“I wish I had more time to spend here and see more Soldiers, and share their concerns, and share their ideas with them….I’m so proud of our young Americans. So many people say disparaging things about this generation. But since 9/11 there’s not a single Soldier that enlisted without knowing that we’re a nation at war. And still they join us and they want to be a part of it... So I’m very proud of them,” he said.

There was one incident, however, Conley witnessed during his visit that he said he would remember for the rest of his life, leaving him a lasting impression about his short trip to this far-flung island, where America’s day begins.

“I want to share this with everyone. It’s one of the greatest things I’ve ever seen in my military career. It brought tears to my eyes today. I was with the band and they were cleaning weapons (and) were talking about going to Saipan just a couple of days ago. One of the Soldiers asked, ‘Who are your vocalists?’ and they pointed to a young specialist. He asked, ‘What have you been singing lately?’ and she said, ‘The national anthem and the Guam hymn, ’” Conley said.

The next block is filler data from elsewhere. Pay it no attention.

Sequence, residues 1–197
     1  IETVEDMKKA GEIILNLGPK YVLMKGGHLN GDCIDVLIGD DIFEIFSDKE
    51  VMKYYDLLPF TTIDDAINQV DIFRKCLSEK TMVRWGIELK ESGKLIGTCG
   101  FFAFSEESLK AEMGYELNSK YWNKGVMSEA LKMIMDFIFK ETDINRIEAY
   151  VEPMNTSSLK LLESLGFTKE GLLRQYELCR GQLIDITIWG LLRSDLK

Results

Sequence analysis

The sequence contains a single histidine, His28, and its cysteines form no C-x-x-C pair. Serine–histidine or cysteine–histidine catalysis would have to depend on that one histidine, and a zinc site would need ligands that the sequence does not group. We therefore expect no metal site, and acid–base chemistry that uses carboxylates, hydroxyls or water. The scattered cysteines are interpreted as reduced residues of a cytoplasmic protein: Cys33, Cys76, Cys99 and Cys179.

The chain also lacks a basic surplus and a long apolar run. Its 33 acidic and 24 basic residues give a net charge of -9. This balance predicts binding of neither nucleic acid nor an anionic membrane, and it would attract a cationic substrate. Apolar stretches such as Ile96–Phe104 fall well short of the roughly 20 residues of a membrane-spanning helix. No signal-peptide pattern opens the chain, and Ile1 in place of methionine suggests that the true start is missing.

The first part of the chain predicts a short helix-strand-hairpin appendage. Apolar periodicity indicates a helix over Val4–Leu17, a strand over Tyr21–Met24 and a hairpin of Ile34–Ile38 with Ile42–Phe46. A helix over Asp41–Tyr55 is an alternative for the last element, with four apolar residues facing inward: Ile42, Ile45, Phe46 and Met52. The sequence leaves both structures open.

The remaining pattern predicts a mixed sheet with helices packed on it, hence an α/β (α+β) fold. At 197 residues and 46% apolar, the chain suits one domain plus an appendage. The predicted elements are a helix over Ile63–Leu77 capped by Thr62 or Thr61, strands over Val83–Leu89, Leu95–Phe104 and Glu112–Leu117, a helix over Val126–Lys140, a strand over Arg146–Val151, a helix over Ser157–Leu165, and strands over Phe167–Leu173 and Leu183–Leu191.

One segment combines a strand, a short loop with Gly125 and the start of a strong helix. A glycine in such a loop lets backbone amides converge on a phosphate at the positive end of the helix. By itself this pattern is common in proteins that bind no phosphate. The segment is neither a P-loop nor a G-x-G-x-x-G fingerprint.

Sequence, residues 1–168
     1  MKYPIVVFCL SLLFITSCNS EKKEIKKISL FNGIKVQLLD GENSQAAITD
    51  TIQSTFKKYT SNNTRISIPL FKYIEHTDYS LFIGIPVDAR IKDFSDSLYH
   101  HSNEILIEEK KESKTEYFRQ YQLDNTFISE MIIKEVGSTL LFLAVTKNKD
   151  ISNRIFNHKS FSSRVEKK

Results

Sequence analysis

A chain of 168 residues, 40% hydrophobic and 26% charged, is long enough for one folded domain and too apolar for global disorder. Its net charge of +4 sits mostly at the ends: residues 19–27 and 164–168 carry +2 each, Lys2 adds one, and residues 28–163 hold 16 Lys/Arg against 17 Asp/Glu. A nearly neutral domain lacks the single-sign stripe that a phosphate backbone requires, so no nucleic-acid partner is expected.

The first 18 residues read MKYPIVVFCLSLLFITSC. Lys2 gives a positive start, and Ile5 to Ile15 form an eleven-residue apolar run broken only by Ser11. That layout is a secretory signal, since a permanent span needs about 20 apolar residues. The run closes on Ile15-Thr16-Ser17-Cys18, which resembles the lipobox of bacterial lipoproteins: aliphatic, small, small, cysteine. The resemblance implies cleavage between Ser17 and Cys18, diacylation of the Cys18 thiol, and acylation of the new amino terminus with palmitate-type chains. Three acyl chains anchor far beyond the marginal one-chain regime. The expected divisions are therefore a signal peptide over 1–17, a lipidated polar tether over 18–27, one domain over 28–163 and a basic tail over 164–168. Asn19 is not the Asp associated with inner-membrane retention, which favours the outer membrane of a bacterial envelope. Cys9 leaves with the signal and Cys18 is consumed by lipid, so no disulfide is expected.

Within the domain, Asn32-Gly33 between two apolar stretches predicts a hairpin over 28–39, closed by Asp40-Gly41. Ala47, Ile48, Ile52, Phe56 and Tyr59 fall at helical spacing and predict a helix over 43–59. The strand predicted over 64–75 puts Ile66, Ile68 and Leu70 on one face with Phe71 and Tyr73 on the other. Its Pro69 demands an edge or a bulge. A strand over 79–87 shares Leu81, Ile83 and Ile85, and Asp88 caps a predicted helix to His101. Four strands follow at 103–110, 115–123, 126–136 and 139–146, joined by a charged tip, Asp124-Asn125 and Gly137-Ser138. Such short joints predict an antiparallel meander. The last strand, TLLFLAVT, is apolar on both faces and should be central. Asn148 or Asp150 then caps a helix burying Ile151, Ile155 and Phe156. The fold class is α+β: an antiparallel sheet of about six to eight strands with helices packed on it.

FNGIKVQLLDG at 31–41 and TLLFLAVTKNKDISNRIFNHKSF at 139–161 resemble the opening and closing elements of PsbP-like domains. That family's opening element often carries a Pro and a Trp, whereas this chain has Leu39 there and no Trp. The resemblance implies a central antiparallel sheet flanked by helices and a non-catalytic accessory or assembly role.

Conley asked the young Soldier to sing the Guam hymn and she agreed. What happened next surprised him but made for a memorable moment in his career.

“The commander, a warrant officer, said, ‘No, we’ll all sing it.’ And there, in the arms room, in a circle, the group sang, and the sergeants majors, too, all stood at attention and sang the Guam hymn. I had tears in my eyes. It was one of the greatest things I’ve ever seen, how proud they were to sing their hymn. It was amazing. That’s one of the things I’ll always remember the rest of my career, even when I retire, until I die. It’s that one little group singing the Guam hymn in the arms room of the band headquarters.”